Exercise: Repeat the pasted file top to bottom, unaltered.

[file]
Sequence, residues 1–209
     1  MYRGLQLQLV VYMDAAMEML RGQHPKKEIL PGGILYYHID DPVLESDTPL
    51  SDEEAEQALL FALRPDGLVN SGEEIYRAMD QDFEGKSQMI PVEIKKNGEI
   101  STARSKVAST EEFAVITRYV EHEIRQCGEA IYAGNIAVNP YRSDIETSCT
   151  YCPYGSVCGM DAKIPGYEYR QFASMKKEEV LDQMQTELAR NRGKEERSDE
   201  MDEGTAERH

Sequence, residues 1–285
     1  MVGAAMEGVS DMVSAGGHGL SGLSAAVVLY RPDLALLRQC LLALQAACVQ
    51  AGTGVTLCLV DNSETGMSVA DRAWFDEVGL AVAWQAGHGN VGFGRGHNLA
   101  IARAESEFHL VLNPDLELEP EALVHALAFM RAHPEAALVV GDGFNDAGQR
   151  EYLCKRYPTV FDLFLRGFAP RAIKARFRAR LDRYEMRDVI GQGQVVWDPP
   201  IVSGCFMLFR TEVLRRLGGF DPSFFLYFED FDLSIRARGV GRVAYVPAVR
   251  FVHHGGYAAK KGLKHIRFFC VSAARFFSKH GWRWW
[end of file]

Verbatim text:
Sequence, residues 1–209
     1  MYRGLQLQLV VYMDAAMEML RGQHPKKEIL PGGILYYHID DPVLESDTPL
    51  SDEEAEQALL FALRPDGLVN SGEEIYRAMD QDFEGKSQMI PVEIKKNGEI
   101  STARSKVAST EEFAVITRYV EHEIRQCGEA IYAGNIAVNP YRSDIETSCT
   151  YCPYGSVCGM DAKIPGYEYR QFASMKKEEV LDQMQTELAR NRGKEERSDE
   201  MDEGTAERH

Sequence, residues 1–285
     1  MVGAAMEGVS DMVSAGGHGL SGLSAAVVLY RPDLALLRQC LLALQAACVQ
    51  AGTGVTLCLV DNSETGMSVA DRAWFDEVGL AVAWQAGHGN VGFGRGHNLA
   101  IARAESEFHL VLNPDLELEP EALVHALAFM RAHPEAALVV GDGFNDAGQR
   151  EYLCKRYPTV FDLFLRGFAP RAIKARFRAR LDRYEMRDVI GQGQVVWDPP
   201  IVSGCFMLFR TEVLRRLGGF DPSFFLYFED FDLSIRARGV GRVAYVPAVR
   251  FVHHGGYAAK KGLKHIRFFC VSAARFFSKH GWRWW